Once chicken begins getting golden, move to a slightly cooler part of the grill and begin basting with the glaze.  Slowly glaze and cook, repeating over and over until chicken is fully cooked and cooked through.  (you can test for this by piercing the chicken at the thickest part and seeing if the juices run clear.)  I generally like cooking my drumsticks VERY well, so that the meat is well cooked and not overly juicy.  Cook for an additional 15-20 minutes, glazing and cooking carefully.

Serve, sprinkled with some crushed toasted sesame seeds.

Printable recipe

Delicious for your next outdoor party

12 comments:

Jenny Chang said...

Thank you for the recipe and all of the inspiring pictures! I made this for a potluck we went to on 4th of July and I got so many compliments. I wasn't able to fire up my grill but I baked the drumsticks on a wire grill (with a roasting pan underneath) in the oven at 400*F for about 37-40 minutes and they turned out so juicy yet crispy. Thanks again!

The Witch said...

No wonder your kids hounded their poor Grandfather for his dinner. We made these this week and they were fantastic. They're definately going into regular rotation at our house. Thanks so much for sharing.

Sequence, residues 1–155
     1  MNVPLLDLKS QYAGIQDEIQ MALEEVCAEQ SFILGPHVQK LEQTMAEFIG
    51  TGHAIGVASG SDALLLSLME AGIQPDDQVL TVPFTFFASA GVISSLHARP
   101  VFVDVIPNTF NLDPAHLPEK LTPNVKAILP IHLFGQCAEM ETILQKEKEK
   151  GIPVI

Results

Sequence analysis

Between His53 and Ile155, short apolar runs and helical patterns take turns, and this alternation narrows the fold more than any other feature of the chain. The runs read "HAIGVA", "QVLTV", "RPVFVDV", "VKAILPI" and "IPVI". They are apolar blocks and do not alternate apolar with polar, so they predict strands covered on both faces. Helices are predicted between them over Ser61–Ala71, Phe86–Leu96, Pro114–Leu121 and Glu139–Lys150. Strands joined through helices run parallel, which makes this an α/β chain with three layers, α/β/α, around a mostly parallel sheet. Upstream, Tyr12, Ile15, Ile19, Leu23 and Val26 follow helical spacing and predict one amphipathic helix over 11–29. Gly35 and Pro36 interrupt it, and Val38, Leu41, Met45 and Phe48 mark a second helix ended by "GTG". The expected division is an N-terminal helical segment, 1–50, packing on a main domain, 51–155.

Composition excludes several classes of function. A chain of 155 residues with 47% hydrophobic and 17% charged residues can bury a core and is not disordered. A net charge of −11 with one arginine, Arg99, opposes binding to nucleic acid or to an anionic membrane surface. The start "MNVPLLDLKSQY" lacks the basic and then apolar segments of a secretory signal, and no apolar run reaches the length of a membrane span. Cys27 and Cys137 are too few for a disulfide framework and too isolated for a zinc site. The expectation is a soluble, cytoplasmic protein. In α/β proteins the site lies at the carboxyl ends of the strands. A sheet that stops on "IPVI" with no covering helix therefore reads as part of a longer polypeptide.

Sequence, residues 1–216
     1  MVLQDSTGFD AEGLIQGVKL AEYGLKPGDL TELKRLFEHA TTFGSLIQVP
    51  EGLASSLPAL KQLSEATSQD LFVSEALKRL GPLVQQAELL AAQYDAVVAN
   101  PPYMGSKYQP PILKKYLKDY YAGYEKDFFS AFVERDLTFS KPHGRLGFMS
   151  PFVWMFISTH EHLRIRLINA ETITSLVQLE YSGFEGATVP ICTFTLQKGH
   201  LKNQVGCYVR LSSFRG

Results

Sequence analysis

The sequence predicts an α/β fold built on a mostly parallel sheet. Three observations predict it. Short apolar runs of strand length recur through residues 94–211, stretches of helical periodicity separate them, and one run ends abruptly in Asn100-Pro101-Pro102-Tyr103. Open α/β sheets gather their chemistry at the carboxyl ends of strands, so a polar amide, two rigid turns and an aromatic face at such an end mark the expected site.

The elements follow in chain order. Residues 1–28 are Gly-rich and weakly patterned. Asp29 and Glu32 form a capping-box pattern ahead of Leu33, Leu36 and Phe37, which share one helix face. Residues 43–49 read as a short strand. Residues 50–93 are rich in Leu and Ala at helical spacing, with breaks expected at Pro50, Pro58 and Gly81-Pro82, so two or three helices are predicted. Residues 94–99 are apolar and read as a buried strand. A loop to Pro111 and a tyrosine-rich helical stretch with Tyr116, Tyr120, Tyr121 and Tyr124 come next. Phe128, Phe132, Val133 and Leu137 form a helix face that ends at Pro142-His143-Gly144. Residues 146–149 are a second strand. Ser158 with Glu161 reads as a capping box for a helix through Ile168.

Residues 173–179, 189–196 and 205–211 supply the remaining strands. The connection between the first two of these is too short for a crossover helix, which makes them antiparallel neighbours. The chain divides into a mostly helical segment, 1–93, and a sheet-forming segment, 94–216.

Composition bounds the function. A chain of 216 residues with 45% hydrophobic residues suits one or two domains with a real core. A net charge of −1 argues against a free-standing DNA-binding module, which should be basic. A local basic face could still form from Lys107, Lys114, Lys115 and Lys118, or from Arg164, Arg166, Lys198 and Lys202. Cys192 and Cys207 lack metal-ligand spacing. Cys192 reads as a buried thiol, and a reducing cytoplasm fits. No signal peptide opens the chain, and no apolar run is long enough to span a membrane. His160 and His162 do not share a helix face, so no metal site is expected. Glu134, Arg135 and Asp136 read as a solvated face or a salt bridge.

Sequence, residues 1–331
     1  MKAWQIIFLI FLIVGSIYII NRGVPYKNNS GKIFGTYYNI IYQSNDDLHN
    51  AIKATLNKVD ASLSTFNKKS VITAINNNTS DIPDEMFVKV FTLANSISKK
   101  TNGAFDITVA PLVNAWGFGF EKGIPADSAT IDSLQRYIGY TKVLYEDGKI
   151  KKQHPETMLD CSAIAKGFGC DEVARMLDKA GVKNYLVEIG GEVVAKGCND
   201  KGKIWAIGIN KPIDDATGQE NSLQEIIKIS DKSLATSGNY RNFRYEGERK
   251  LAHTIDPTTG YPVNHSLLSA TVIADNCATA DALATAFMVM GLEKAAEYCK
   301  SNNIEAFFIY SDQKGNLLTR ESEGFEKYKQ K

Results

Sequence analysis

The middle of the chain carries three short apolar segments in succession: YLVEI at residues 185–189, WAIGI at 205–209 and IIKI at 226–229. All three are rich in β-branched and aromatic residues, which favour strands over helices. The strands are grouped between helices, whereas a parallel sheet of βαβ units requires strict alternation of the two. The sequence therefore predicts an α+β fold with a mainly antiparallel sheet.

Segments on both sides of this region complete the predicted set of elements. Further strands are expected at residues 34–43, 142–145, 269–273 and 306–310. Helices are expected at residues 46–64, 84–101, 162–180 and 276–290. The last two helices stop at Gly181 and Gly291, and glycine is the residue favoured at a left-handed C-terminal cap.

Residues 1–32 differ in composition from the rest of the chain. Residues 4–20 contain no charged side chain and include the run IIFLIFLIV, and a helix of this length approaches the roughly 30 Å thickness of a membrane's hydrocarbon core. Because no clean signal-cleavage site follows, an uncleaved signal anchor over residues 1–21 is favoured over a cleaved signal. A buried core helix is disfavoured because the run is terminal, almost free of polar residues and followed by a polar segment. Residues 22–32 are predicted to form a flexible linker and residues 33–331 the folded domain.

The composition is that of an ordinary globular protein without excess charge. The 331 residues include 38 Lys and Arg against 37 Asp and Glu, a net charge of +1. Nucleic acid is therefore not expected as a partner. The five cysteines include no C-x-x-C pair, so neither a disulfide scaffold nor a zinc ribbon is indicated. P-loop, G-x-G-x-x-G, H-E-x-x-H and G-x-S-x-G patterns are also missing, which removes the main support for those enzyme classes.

Into my own said...

Jenny, thank you for sharing your recipes. I made your ginger soy chicken thighs on the grill yesterday and so super tasty. I bought drumsticks today because they were on sale! And was surprised to see that you don't marinate them before grilling? Why the differentiation? And do you think I could cook the sticks up today and then grill and slather with glaze right before serving? My dd is turning 11 and loves drumsticks but kids are not super patient..... Thank you for your time and advice!

Joanne Choi said...

Hi into my own...
The difference between the drumsticks and the thighs is basically cooking time. Skin on, bone in drumsticks just take that much longer to cook - so any sort of marinade or sauce with a sugar content in it will burn and scorch before the chicken meat cooks properly. Over very low heat, with lots of care, it probably could be done, but I actually think it is very difficult. So in this case, since the drumsticks take such a long time, it is better to do it as a glaze so that the drumstick really cooks all the way through before the glaze has a chance to burn.